Simple Ways to Make a Good Impression on a New Job
Top Signs You are On the Bubble
- You are told you can leave early or not work on a certain day
- Assignments are taken away from you and given to someone else
- Your supervisor assigns someone else to manage you
- Someone who was hired after you is already promoted to more responsibility
- You are called into meetings about your work performance on a daily basis
- You aren't chosen for choice assignments or allowed to work offsite
- You experience cuts to your either your hours, benefits, or responsibilities
- You are left out of key decisions and knowledge
Avoid the Bubble
We have a phrase in my line of work when we are evaluating current employees and it is "on the bubble." If you just started working with us, you definitely don't want to be "on the bubble." To be so means that you are basically a few mistakes away from being out the door and back in the unemployment line.
First impressions are everything on a new job. This fact can be good or bad, depending on what you do in your first days to seal your faith. It is vital to start off with the creation of a good impression. If you don't, the memories of that initial bad impression will cloud your supervisor's feelings concerning you and your work. It is almost impossible to overcome an initial bad impression.
You want to shape and mold a good impression in the minds of your immediate supervisors to avoid the "bubble" and have your co-workers think of you as vital and irreplaceable employee.
The First Days
Here are a list of must do's on your first days on a new job, to both avoid the bubble and gain more job security:
- Do Show Up on Time ~ no excuses for being late when you have just started a new job;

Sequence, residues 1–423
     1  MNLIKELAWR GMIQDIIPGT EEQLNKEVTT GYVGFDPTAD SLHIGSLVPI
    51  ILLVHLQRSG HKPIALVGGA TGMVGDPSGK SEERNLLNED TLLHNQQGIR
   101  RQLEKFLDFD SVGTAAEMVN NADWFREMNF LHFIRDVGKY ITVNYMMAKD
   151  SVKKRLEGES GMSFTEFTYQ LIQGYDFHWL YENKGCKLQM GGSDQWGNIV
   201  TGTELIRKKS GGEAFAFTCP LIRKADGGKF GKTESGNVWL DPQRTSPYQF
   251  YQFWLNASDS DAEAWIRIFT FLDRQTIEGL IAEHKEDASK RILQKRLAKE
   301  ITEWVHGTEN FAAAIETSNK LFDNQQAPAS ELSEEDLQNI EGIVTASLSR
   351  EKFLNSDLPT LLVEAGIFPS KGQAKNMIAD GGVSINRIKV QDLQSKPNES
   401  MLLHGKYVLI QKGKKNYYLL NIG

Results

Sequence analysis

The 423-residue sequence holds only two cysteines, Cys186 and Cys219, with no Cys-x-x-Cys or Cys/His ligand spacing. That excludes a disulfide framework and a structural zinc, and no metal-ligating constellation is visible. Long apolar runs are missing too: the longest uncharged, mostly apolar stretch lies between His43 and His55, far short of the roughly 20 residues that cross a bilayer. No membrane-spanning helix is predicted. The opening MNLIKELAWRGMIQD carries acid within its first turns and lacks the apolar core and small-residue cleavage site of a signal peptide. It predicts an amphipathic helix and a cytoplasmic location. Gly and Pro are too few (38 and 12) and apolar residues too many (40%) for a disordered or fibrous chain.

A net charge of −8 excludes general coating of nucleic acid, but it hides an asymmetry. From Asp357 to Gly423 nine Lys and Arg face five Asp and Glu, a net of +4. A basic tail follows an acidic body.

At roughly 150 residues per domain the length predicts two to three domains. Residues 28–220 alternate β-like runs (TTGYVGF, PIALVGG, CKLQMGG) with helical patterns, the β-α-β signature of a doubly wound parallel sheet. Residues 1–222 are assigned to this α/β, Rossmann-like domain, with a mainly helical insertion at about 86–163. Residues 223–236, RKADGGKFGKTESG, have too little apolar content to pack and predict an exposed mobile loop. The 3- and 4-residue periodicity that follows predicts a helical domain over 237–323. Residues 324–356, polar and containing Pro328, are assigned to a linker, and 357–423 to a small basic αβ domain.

- Do Work the Required Hours ~ don't ask to leave early, don't make excuses about personal obligations or about having more important things to do;
- Do Have a Positive Attitude ~ Don't complain about your wages or benefits ~ that should have been discussed during your job interview and hiring process to complain after the fact is beyond tacky;
- Do Dress Appropriately;
- Do Stay on Task.
Never during your first month of work:
- Do the Dreaded No Call No Show
- Challenge Established Rules and Procedures
- Be all Talk and No Action
- Let Down Fellow Co-Workers
- Make Your Own Hours
- Ask for a Raise
- Ask for a Vacation
- Call in Sick
How fast have you ever been fired from a job (against your will)?
It is a very competitive job market, especially in bad economic times. This situation means that you have to prove yourself and your worth and earn your place at your new job. In the eyes of your employer, you are not special. You are just another one out of hundreds who have asked for a job. You have been given an opportunity, so don't blow it.
Simple things like coming in on time and showing you are responsible and can be depended upon to come to work each day are important for getting your supervisor to stop looking for your faults and start to look for your worth.
You would be surprised to learn how many people are not trained on how to conduct themselves on a new job. They come into work late, don't bother to show up for that important assignment, let down a co-worker by not following through on an obligation, and call in sick all the time. By doing the opposite, you will stand out as someone who could become a valuable member of the team.
Communication is the Key
Always do the following, no matter how long you have worked somewhere:
- Show up on time, call if you have to be late
- Answer emails and phone calls from your supervisor
- Follow through on assignments and commitments
- Provide plenty of notice if you are going to need time off
- Offer constructive suggestions instead of criticizing and stalling a project's completion
- Be truthful and honest on time sheets, work performance reports
- Offer help to others instead of taking advantage
When you first come on a new job and into a new workplace, it can be hard to determine the power dynamics exactly correct. You might not initially know actually who has the most power and influence over if you are able to stay on the job. It might not been your immediate supervisor. It might be someone else in the office whom the Boss is asking about you work.
You want to be careful not to get off on the wrong foot with the wrong person. As a result, you need to conduct yourself in the same manner of responsibility and decorum whether or not your immediate supervisor is in the room. It can be very hard or even impossible for you to overcome a bad impression that has been formulated by the one person that the Boss listens to and trusts more than anyone.
© 2013 truthfornow